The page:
Get a first look at Whole Foods’ impressive new Midtown outpost

By any measure, Houston’s newest Whole Foods Market boasts some impressive stats. The 40,000-square-foot store offers 334 parking spaces, employs 145 full and part-time “team members,” and offers over 150 hot and cold ready-to-eat, prepared food items — including stations serving pizza, tacos, and sandwiches. The bulk section alone contains 230 different nuts, seeds, granola, grains, dried fruit, and candy.

CultureMap received a preview tour of the new store, which opened Thursday, November 7 at 515 Elgin St. It will celebrate its grand opening on November 14 by donating 5 percent of that day’s net sales to local non-profit Urban Harvest.

Overall, the store is bright, colorful, and easy to navigate. At a time when more people than ever are choosing to have their groceries delivered, the new Whole Foods features a number of amenities designed to lure patrons to come inside.

Beyond the prepared items, a grab-and-go section offers a wide selection of beverages. All of them can be consumed on-site in the 90-seat, mezzanine level that features plenty of plugs and complimentary wifi.

Shoppers will find garage access on both Smith and Brazos streets. Once inside, they’ll see the floral and produce departments near the entrance. Fruits and vegetables are stacked with conventionally farmed items on the bottom and organic on top.

Locally sourced items are present throughout the store. Examples include breads from Bread Man Bread Co in the bakery, ice cream from Sweet Cup Gelato and Cloud 10 Creamery in the freezer case, Malk nut milks in the dairy department, mushrooms from Kitchen Pride Mushroom Farm, and skincare products from Oriya Organics, Enfusia, and Bossman Brands.

Not only do team members only work in their specific departments, which helps them learn the nuances of the products they sell, but they’re also authorized to open boxes to give customers a taste. Don’t commit to that new, organic cereal without getting a sample.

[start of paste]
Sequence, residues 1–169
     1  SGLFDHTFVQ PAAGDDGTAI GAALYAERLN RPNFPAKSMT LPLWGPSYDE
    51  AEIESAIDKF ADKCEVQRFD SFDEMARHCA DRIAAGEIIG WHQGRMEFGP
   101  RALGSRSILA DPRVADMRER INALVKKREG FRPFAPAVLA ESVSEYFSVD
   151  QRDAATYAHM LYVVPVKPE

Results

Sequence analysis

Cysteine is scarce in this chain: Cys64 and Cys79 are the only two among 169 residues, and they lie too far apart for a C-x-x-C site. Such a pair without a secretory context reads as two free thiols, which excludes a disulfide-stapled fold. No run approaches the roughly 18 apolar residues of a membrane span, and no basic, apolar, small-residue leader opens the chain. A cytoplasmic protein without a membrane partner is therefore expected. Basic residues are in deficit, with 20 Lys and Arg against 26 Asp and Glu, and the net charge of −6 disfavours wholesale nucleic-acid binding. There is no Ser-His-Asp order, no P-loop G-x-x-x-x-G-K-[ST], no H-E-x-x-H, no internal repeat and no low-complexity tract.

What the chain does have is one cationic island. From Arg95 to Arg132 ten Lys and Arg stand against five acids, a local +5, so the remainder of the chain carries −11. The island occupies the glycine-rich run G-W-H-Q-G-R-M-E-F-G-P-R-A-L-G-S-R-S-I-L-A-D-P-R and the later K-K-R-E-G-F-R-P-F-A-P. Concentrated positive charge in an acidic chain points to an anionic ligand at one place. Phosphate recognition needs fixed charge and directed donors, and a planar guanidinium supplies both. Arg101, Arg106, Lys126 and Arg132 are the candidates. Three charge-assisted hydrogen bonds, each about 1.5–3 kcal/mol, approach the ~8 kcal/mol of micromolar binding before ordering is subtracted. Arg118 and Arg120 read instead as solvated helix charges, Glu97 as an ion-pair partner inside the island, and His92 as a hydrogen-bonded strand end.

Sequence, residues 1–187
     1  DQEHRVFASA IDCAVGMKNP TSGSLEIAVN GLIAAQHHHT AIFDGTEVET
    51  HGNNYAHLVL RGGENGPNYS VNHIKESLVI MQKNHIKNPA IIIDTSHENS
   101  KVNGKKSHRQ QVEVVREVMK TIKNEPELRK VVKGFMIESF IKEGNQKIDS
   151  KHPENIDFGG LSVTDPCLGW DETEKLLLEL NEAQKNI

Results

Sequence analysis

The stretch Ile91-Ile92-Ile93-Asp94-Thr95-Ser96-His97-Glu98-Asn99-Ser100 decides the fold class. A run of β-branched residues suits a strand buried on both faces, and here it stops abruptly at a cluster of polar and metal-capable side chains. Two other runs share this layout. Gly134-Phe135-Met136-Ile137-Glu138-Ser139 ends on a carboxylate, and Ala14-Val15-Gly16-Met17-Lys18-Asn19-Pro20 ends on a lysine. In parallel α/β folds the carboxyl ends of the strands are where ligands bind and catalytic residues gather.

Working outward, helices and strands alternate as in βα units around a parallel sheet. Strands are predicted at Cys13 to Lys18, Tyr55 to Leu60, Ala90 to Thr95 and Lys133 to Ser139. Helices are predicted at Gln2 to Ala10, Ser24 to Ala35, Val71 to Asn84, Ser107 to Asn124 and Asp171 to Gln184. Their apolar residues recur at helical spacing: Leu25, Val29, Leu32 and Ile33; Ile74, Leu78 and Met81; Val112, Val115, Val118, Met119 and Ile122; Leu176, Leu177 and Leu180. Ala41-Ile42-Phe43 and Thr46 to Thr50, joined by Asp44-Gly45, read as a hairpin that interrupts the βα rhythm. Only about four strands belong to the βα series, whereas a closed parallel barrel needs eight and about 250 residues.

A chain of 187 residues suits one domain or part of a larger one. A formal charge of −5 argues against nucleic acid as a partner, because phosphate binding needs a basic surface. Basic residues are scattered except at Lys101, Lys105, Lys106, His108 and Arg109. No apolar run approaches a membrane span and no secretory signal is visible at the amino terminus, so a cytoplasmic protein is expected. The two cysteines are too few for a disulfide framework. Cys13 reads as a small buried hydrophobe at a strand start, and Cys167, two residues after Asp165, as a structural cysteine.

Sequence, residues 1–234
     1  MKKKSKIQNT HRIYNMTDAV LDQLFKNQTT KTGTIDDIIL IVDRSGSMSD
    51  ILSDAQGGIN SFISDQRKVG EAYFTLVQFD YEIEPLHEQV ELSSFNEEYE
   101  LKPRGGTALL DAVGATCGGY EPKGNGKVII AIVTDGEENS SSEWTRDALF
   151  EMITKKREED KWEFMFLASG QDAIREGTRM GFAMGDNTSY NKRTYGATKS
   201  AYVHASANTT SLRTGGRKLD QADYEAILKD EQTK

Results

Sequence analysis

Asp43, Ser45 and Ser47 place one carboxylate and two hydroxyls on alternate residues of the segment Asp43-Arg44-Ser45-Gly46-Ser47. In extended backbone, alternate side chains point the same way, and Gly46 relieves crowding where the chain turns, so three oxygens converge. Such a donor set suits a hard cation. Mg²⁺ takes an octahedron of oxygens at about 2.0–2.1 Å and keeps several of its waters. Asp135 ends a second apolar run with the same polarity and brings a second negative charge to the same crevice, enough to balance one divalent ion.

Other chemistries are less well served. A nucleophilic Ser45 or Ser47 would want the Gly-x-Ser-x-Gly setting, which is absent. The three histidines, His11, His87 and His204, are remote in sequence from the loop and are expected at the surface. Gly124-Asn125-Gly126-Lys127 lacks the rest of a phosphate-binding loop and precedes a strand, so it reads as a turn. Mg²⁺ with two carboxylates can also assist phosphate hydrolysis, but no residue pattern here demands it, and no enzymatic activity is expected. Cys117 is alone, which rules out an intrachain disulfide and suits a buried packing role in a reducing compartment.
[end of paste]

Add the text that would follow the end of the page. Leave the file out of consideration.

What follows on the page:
That expertise extends throughout the store. Two Cicerones work at the store to help shoppers navigate the 260 different beers — including lots of options from local breweries. An American Cheese Society Certified Cheese Professional oversees the cheese counter. Whole Foods corporate master sommelier chooses the 1,400 wine selections.

Concerned about sustainability and animal welfare? The store makes knowing what to buy easy. Seafood rates either green or yellow by the Monterey Bay Aquarium Seafood Watch, which avoids overfished species such as orange roughy. Meats are rated using the Global Animal Partnership 5-Step Animal Welfare Rating, a third party verification system that tracks how animals are raised and fed. All eggs are cage-free at a minimum.

This new location contains outposts of two independent businesses, starting with the fourth Houston-area location of Austin-based juice bar Juiceland. The more unusual installation is a Briggo coffee robot.

The Austin-based firm has brought IOT technology to coffee. Customers order from a screen or via an app, choosing a hot or iced beverage, syrups, the number of espresso shots, etc; the machine sends a text when the order is ready for pickup. CEO Kevin Nater tells CultureMap that the machine will make up to 100 drinks an hour, meaning it replaces two baristas and a cashier in a tidy 40 square feet.

Distinguishing this Whole Foods from those opened prior to its acquisition by Amazon are subtle. Amazon lockers near the entrance allow shoppers to pick up products without the fear of porch pirates. Prime members will notice discounts available across multiple product categories.

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